Funding has been pledged to investigate making Auckland Island the country's largest predator-free island - an effort that could eventually cost up to $50 million.
Conservation Minister Eugenie Sage announced $2m over three years to fund early stage planning and field trials towards making the sub-Antarctic island predator free.
"This is an ambitious project on the 46,000ha Auckland Island and a major step towards the goal of New Zealand being predator free by 2050," Sage said in a speech to Forest and Bird's annual conference, held today.
The initial funding will help conservationists get an idea of the scale and complexity of eradicating pigs, cats and mice from the island.
"Any decision to proceed will require a long-term commitment of resources and effort.
"Early estimates suggest the potential cost of eradication may be in the order of $40m to $50m over eight to 10 years," Sage said.
"The Department of Conservation is working closely with iwi partner Ngāi Tahu and will be seeking other partners to collaborate on the project."
Auckland Island is New Zealand's fifth-largest island, and is the main island of the Auckland Islands. It lies 465km south-southeast off the coast of Bluff, or about a third of the way to Antarctica.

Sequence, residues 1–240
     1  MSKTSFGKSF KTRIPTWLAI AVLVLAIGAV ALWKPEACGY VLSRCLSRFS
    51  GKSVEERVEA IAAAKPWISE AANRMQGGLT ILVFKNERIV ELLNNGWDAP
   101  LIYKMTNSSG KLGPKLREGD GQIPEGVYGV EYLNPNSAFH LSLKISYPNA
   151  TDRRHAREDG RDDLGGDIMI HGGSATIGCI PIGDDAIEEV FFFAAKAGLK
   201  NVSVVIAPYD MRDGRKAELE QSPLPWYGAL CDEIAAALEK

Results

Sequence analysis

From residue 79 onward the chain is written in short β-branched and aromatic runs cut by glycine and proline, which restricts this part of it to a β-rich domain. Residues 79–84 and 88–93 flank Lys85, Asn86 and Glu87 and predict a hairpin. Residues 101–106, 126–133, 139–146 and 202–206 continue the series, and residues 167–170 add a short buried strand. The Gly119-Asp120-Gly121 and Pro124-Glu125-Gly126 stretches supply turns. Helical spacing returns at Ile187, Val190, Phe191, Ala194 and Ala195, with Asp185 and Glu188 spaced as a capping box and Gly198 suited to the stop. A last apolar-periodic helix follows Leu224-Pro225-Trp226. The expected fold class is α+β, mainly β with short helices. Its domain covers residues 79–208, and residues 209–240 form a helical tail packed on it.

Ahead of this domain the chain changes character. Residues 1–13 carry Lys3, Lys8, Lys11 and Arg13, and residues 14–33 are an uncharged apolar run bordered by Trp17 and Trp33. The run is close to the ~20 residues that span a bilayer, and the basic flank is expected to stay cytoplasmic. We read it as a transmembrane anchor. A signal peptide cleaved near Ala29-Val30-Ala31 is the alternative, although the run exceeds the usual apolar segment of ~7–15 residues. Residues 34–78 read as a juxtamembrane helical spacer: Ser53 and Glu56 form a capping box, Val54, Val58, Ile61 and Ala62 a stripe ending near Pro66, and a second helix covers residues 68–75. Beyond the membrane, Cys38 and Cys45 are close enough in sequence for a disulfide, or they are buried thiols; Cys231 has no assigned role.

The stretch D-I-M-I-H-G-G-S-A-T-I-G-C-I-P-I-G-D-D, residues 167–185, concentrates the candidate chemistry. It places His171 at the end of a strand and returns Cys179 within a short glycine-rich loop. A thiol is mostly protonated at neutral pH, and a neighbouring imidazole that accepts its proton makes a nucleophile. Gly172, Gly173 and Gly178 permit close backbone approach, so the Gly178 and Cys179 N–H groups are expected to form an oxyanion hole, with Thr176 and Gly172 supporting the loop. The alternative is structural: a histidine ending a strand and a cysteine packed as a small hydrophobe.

The tussock-covered islands are wind-swept, rugged and mountainous, with steep cliffs and deep valleys.
They have been a World Heritage site since 1998, and are one of the few large land masses in the Southern Ocean. That makes them a critically important breeding ground for seabirds and mammals - wildlife that is being killed by introduced pigs, cats and mice.
The 25 seabirds breeding on the islands include the Auckland Island shag, yellow-eyed penguin and Gibson's and white-capped albatross.
The $2m feasibility fund will come from the Budget 2018 appropriation of $81.3m towards achieving a predator-free New Zealand by 2050.
"Eradicating these pests from New Zealand's fifth-largest island would see Auckland Island become the country's largest pest-free island. It would complete the removal of introduced predators from all of New Zealand's sub-Antarctic islands," Sage said.